Bookish Pet Peeves | Mishawaka-Penn-Harris Public Library 

Bookish Pet Peeves

Bookish Pet Peeves

Every bookworm has pet peeves. Some of the most egregious are writing in books, dog earring pages, leaving books on their faces, and worst of all: spoilers on the internet! But what about those irritating plot elements that drive readers bonkers?

When characters have issues that could be solved in five minutes if they would just talk to each other, but the author drags out the plot for another 200 pages anyway, that’s annoying. Try Angela Flournoy’s novel The Turner House to avoid this faux-pas. Cha-Cha Turner has been seeing a ghost his whole life, and instead of hiding this aspect of his life, he reaches out to his siblings—all twelve of them. Family meetings keep the siblings from struggling due to lack of communication.

Isn’t it just frustrating when a love triangle interferes with the whole plot? Why can’t the character just pick who they love or get on with life?! In Laura Esquivel’s classic Like Water for Chocolate, Tita finds the man she loves, but they cannot marry—and he weds Tita’s sister to stay near Tita. Rather than a love triangle, readers get thwarted lovers who try to make it work from a distance.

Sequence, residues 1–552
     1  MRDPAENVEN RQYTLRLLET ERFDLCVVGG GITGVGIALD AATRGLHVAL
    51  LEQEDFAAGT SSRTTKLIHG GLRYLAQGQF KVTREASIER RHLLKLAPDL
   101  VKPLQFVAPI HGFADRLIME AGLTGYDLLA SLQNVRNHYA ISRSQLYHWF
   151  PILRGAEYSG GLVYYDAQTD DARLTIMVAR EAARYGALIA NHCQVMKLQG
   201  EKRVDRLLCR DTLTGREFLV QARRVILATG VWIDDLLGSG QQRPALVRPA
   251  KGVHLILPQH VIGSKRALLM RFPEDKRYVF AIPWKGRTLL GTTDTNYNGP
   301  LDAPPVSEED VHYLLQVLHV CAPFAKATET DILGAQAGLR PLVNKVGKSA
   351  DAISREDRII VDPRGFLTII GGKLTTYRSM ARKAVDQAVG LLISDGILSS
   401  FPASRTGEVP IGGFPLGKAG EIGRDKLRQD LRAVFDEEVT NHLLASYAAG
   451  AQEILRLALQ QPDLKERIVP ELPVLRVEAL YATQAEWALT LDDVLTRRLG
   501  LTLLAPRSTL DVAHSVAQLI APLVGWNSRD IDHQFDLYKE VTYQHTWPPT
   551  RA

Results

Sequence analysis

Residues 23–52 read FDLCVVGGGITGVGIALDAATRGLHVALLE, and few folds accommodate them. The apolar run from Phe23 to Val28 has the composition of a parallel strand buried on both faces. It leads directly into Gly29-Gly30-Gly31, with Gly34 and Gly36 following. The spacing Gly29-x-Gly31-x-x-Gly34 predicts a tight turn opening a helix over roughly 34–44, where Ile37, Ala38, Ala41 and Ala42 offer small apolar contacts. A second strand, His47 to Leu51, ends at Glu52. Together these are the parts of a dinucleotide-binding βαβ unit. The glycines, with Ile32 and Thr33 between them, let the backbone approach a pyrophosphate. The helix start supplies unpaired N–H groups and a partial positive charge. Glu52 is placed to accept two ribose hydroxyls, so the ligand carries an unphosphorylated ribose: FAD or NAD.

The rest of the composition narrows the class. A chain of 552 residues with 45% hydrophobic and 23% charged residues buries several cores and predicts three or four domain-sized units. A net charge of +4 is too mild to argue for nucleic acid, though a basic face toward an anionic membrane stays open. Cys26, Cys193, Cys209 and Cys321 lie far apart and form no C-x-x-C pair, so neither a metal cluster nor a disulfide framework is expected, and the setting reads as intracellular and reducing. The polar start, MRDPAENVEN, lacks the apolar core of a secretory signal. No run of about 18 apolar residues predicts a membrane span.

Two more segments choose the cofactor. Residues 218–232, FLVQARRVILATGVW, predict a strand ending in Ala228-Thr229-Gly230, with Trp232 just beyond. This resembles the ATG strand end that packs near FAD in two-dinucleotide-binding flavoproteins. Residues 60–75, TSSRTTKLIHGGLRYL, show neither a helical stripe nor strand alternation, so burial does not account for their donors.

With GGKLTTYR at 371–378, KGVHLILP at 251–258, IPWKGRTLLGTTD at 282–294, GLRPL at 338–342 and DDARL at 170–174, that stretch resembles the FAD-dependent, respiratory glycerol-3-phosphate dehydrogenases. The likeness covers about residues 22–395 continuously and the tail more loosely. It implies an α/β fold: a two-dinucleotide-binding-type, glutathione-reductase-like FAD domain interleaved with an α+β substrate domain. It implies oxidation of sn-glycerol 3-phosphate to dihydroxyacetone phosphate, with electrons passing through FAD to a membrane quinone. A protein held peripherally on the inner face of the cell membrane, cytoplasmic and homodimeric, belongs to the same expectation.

Ever notice how the thriller genre is so popular right now that authors are trying to outdo each other in their attempts to keep readers engaged? One tactic, a big plot twist at the last second, has some readers peeved. If we look back, Patricia Highsmith’s novel The Talented Mr. Ripley keeps you guessing the whole way through while insidious Tom Ripley ingratiates himself with playboy Dickie Greenleaf—and with no unearned twists to make things “more interesting.” If you enjoy spy thrillers, you can’t go wrong with one of John Le Carré’s earlier novels, Tinker, Tailor, Soldier, Spy, in which George Smiley is assigned to uncover the identity of the double agent operating in the highest levels of British Intelligence.

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